On the 23rd of April, 1526, Sultan Suleyman I left Constantinople at the head of a massive

army, accompanied by his most trusted vizier Ibrahim

Pasha.

Varying sources put the total numbers of this force between 50,000 to 100,000.

It was made up of labourers, cavalry and elite Janissaries

alongside 300 cannon.

The Ottomans embarked upon an 80-day march up the Balkans, during which torrential rains

flooded the Danube river, making maintaining of supply lines difficult.

Nevertheless, through the iron discipline of the vizier Ibrahim, the

Ottomans reached Belgrade.

From Belgrade, Suleyman sent Ibrahim ahead to capture the fortress of Petrovaradin.

Ottoman sappers detonated mines beneath the walls,

and the Janissaries charged in, taking the fortress

while only losing 25 men.

The bulk of the Ottoman army joined the strike force, and moved on.

Suleyman knew that the best place for the Hungarians to make a stand was the mouth of

the River Drava below the town of Osijek, and

so he diverted his army towards it.

The town of Ilok fell on August 8th with little resistance.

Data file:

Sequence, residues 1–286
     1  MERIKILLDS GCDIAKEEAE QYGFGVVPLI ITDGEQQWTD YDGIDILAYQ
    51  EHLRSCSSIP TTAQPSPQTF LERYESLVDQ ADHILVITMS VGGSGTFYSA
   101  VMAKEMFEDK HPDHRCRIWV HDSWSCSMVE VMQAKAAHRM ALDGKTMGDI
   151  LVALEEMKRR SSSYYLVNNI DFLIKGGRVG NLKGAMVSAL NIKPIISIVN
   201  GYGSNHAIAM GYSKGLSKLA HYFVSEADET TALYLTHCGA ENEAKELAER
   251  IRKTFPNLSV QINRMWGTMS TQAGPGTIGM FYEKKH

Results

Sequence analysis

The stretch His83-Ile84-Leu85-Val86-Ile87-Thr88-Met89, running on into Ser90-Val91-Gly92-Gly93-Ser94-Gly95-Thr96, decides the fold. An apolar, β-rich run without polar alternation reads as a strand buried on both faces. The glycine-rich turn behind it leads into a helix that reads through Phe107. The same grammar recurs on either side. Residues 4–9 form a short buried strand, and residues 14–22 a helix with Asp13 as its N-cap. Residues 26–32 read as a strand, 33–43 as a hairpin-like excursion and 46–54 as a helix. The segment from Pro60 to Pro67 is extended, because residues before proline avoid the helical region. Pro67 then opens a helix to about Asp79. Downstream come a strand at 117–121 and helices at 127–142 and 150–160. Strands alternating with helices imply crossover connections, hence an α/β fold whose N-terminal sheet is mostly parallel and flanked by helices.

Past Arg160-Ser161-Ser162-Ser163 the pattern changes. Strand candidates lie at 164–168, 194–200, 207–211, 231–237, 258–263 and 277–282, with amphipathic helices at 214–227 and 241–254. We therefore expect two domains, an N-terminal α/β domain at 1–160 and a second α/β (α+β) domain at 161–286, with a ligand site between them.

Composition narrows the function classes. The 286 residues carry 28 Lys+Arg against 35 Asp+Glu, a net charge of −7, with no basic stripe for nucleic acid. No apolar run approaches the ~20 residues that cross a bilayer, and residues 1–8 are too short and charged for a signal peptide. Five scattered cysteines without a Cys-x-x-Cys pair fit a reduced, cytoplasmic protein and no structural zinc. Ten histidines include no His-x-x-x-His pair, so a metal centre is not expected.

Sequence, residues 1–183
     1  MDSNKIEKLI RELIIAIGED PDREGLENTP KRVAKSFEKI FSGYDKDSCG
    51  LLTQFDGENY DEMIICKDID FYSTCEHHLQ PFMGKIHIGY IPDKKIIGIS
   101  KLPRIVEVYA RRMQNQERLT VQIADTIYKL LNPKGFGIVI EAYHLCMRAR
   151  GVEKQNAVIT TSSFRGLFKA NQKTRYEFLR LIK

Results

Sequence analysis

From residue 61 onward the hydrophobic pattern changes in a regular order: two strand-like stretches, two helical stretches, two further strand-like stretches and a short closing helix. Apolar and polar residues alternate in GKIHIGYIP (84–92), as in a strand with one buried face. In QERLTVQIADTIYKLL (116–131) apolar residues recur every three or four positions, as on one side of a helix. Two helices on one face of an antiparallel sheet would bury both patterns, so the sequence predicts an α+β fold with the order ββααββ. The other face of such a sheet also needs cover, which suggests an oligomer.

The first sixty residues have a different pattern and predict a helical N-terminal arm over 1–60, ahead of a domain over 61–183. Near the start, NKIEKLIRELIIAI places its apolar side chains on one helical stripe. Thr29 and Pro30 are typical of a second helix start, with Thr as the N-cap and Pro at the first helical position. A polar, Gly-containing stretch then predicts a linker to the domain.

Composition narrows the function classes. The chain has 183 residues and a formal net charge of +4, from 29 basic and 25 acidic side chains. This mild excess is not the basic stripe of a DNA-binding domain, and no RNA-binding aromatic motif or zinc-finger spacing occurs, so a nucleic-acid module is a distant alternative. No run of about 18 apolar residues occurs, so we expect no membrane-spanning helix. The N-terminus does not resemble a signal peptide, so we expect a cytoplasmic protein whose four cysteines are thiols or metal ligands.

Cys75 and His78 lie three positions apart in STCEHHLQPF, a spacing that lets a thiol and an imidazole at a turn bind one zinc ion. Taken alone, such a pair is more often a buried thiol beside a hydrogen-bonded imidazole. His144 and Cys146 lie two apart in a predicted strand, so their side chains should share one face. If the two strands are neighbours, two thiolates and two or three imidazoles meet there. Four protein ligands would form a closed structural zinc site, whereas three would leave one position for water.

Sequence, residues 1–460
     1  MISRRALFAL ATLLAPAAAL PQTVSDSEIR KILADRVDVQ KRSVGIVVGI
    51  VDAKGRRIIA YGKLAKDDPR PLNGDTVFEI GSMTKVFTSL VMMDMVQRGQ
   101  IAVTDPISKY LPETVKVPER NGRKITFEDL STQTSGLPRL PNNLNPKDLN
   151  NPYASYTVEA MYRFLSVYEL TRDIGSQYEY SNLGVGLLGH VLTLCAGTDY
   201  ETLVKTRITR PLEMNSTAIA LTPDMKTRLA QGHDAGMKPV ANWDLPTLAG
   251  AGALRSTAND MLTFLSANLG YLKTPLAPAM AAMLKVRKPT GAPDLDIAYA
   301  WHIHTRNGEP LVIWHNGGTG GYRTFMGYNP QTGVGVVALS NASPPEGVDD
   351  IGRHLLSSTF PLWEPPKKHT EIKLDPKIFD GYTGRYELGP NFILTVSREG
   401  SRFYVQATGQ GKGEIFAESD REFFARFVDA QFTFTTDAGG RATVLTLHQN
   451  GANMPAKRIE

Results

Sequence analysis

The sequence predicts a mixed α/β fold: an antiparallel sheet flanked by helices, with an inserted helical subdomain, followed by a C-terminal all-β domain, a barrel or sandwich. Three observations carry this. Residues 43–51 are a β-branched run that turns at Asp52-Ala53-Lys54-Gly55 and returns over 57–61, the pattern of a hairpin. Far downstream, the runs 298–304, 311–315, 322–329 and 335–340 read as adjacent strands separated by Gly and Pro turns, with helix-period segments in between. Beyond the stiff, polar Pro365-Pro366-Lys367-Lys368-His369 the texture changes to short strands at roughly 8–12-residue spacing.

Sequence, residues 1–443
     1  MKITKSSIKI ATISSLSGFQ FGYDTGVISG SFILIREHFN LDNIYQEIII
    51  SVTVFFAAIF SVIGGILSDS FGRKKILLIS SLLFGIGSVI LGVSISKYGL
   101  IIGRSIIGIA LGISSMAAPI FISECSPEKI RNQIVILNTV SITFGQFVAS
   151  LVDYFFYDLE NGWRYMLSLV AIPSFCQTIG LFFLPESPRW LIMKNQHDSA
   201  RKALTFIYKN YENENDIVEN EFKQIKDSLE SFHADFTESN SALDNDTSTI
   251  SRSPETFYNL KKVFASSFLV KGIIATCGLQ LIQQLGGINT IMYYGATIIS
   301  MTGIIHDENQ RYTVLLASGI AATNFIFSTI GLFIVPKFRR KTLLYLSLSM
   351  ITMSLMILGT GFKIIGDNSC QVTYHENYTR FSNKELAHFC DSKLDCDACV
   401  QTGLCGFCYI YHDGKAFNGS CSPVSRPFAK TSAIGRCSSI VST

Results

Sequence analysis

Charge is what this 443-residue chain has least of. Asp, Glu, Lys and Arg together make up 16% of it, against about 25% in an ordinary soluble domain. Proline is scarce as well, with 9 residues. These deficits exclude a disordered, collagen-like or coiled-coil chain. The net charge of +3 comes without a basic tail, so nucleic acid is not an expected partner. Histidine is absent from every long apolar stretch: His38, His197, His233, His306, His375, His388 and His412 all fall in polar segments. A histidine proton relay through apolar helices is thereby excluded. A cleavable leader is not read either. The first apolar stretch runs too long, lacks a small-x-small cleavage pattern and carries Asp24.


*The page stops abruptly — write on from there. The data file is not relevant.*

When Suleyman and his army arrived where the Drava

met the Danube, he expected to come face to face with a huge Hungarian host, but instead

was surprised to find that no enemy was there.

King Louis II had mustered an army of around 25,000 men in the town of Tolna.

It was made up Hungarians, Croatians and Bohemians, with

a core of men-at-arms and armoured knights.

Much like Suleyman, King Louis knew the importance of the mouth of the river Drava,

and ordered his deputy, Stefan Bathory to lead a vanguard there, and defend it at all

costs.

However, the nobles refused to submit to Bathorys command, declaring they would follow

only the King himself.

The vanguard plan was abandoned, and the Hungarian King instead

led his quarreling army to a field just outside a little riverside hamlet known as Mohacs,

where they awaited their enemy.